Been there, done that.
On our way to Little Rock Arkansas from the Nashville, Tennessee area, we decided to spend a couple of days in Tunica, Mississippi. I had previously visited the casino resorts there a couple of times when I lived in Tennessee in the late 90’s and we both had flown into the Tunica airport on a Harrahs sponsored trip in the mid 00’s. During those visits, we stayed in 1 of 2 beautiful Harrahs’ properties where there were multiple first rate restaurants to choose from (Paula Dean (pre-PR debacle), Toby Keith, etc.) – live entertainment, walking paths, water features. There were constant shuttles to the other casinos nearby, shows and tours of Memphis. We had fun and enjoyed ourselves in this little town in the middle of nowhere that was ranked 3rd behind Las Vegas and Atlantic City for large casinos. For all of these reasons, we decided to make this a stop on our trip to Arkansas this spring.
Somethings is amiss.
As we left the Memphis outskirts and travelled towards Tunica, we started to see dozens of billboards with no signs or worse, ripped signs. There was also almost no traffic on the 4 lane road. We passed the outlet mall that had no visible occupants and a hand lettered sign out front advertising a twice a month flea market. The parking lot was littered with weeds and felt all together abandoned. Some of the green road signs used to direct visitors to local attractions lead visitors to abandoned buildings and dead ends.
We stopped at a gas station and bought a pop – it was 2 months passed its expiration date. In and of itself, this isn’t that big of a deal, but when combined with what we were seeing around us, it was very symptomatic of the larger state of degeneration surrounding us.
Curiosity piqued, we did a little research and found some old articles with a lot of finger pointing and political posturing about the cause of the downfall of the once booming town. Reading between the lines, it seems 2008 happened. Discretionary spending for most households dried up that year and people just weren’t spending enough money to keep the Tunica venture growing or even maintaining.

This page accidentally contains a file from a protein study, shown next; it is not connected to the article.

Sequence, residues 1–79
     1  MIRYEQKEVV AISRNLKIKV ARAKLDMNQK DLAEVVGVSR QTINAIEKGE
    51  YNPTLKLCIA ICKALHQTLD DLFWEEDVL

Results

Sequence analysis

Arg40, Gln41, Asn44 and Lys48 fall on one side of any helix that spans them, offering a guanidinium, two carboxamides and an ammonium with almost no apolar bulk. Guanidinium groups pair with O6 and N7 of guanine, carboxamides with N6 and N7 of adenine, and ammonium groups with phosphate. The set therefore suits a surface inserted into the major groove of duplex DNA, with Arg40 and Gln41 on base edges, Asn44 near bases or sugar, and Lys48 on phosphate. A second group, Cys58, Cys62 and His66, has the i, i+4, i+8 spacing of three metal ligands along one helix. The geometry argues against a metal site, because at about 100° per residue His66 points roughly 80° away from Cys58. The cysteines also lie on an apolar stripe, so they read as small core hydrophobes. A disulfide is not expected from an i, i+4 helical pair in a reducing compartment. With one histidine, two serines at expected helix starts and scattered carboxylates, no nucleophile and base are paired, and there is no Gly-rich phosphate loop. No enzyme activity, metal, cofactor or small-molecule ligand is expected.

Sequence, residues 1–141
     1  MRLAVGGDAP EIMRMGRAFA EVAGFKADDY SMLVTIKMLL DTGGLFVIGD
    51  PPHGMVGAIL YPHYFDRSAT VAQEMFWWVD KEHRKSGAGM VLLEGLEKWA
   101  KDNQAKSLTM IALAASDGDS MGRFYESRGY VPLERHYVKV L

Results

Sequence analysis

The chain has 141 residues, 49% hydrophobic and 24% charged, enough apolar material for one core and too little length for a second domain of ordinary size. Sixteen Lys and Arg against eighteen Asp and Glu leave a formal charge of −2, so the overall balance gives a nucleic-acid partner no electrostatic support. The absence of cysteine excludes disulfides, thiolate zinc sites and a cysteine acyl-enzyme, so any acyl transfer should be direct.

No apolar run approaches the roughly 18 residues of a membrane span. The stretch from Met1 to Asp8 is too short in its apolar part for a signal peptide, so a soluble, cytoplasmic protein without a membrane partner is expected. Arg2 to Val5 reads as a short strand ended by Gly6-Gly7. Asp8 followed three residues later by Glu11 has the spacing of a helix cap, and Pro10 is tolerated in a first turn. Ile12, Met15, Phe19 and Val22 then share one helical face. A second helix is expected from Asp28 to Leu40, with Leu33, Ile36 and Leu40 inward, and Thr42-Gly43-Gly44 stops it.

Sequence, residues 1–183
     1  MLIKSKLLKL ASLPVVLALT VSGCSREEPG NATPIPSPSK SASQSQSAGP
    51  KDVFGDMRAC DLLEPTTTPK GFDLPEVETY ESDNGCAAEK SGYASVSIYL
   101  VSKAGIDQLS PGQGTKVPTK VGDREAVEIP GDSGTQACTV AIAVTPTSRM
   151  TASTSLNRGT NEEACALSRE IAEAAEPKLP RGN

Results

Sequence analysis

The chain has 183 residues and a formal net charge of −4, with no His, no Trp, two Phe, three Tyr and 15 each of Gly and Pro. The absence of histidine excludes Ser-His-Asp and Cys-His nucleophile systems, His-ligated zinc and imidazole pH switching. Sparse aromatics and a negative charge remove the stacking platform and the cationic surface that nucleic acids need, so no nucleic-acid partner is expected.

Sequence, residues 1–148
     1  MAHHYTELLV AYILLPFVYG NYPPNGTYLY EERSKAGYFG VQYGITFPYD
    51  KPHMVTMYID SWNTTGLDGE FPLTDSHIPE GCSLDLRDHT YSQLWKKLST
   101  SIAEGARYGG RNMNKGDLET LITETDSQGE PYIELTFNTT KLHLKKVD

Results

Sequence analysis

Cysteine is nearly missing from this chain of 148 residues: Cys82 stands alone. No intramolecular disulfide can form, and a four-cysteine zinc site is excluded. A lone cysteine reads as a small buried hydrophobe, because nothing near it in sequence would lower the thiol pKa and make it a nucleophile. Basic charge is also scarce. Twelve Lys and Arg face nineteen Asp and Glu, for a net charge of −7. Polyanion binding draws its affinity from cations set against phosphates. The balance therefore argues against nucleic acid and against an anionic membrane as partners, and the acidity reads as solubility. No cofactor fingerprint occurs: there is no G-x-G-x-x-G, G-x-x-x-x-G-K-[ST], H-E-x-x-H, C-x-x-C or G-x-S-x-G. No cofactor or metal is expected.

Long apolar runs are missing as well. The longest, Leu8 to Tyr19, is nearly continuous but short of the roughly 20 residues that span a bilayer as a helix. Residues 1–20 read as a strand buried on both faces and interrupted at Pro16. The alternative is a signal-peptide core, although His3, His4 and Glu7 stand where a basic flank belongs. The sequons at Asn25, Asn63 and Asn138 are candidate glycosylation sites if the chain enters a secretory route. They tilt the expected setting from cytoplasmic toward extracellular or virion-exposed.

Then the area was hit with extensive flooding in the spring of 2011. As the casinos started to wither, the surrounding community and businesses followed. Unemployment in the area went from all-time lows to all-time highs.
Its depressing to drive along the roads now and see the abandoned buildings. I am sure they are unable to repurpose the buildings due to the litigious nature of our society, so there they stand and rot. What a waste. Some buildings were torn down, but the grass hasn’t taken over yet, so you can still see where they were. And some of the road signs still lead visitors to those spots.
This time around.
We stayed at the RV park at the Hollywood casino. The park is behind the casino, so we had a little more privacy than folks staying at Sam’s Town across the street where the park is on the main road. We had free high speed wifi (seriously awesome speeds!) and pool access for roughly $20/night. The Hollywood had one steak restaurant, one small buffet and a snack bar. We tried the buffet and it was pretty good food for a buffet and very reasonably priced.
The casino reeked of stale smoke and was heavy on old slot machines with poor odds. We don’t gamble much so if we aren’t having fun, we don’t hesitate to just walk away. We tried a couple of times at the Hollywood, but never did have much fun in this casino. Our experience was similar at the Horseshoe, a very dated looking casino with limited variety of slot machines. We would not recommend any of the casinos we tried.
Sad truth and fun fact.
If you need a one or two night stopover on your way to somewhere else, Tunica is fine. The RV park was nice, well maintained, had great internet and was very affordable. We definitely wouldn’t recommend Tunica as a destination or go out of your way to visit until it completes its sad transformation to a ghost town (fun fact: We love ghost towns!).